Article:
Last Updated: Friday - 09/24/2010
October 5, 2009
Reproductive 'choices' lead to surreal results, says ethicist
NANCY FRAZIER O'BRIEN
CATHOLIC NEWS SERVICE
PHILADELPHIA - The case of an Ohio woman who recently gave birth to another couple's child because she was implanted with the wrong embryo shows how "potentially surreal" the situation can become when reproduction is separated from the intimacy of marriage, said a leading Catholic ethicist.
Father Tadeusz Pacholczyk said the situation faced by Carolyn and Sean Savage of Sylvania, Ohio, is a reminder that the exclusive nature of marriage and the marital act is disrupted through in vitro fertilization and other reproductive technologies.
"You have the possibility now of receiving the wrong child altogether," he said in a Sept. 29 telephone interview.
"That's physically impossible the normal way. Once you step outside the normal elements of exclusivity, it becomes potentially surreal."
Carolyn Savage gave birth Sept. 24 to a boy whose biological parents were Paul and Shannon Morell of Troy, Mich.
In a statement, the Savages offered "our heartfelt congratulations to the Morell family on the birth of their son."
The Savages, who have three children, also asked for privacy, saying, "Our family is going through a very difficult time."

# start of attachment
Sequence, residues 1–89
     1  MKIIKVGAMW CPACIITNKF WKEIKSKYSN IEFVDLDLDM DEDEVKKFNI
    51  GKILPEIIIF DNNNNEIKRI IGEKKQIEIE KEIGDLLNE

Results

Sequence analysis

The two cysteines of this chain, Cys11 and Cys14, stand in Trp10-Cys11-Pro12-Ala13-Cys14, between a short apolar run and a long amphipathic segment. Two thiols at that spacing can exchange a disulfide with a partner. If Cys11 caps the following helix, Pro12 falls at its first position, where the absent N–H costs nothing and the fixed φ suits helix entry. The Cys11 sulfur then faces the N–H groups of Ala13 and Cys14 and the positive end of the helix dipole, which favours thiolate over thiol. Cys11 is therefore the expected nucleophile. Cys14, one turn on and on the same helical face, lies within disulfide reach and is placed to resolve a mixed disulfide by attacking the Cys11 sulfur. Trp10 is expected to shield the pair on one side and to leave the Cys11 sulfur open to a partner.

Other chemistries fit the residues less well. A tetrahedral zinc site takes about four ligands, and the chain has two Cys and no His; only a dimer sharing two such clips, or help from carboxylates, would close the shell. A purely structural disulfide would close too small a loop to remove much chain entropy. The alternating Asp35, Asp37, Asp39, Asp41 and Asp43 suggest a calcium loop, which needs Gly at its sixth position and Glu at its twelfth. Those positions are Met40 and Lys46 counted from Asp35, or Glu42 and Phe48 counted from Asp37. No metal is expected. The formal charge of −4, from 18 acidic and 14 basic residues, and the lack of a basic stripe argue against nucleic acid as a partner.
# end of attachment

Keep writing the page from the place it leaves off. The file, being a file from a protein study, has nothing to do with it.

Carolyn Savage was implanted with the Morells' frozen embryo and was told of the mistake by a doctor from the fertility clinic 10 days later.
The Savages have told news media, however, that they never considered an abortion or an attempt to keep the child.
"Of course, we will wonder about this child every day for the rest of our lives," Carolyn Savage said on NBC's Today show before the birth.
"We have hopes for him, but they're his parents, and we'll defer to their judgment on when and if they ever tell him what happened and any contact that's afforded us. We just want to know he's healthy and happy."
Pacholczyk, director of education at the National Catholic Bioethics Center in Philadelphia, said the situation shows that the question that often follows the "mistaken decisions" to have in vitro fertilization is "how can we best pick up the pieces?"
"The best thing we can do is to make sure that no abortions take place, and that was done here," he said.
"But that does not in any way address the moral dilemmas posed by the prior act - the root cause of the mistaken decision," said the priest.
Pacholczyk said he often receives requests for guidance from couples who have frozen embryos that they can no longer use. "It's a burning question for them. But I tell them there is no simple answer."
The priest said the "minimal obligation" for such couples is to "acknowledge that they have children trapped in these frozen orphanages" and to "pay the monthly fees to be sure that their children don't end up thawing and dying."
But Pacholczyk said he is skeptical that science will come up with a solution.
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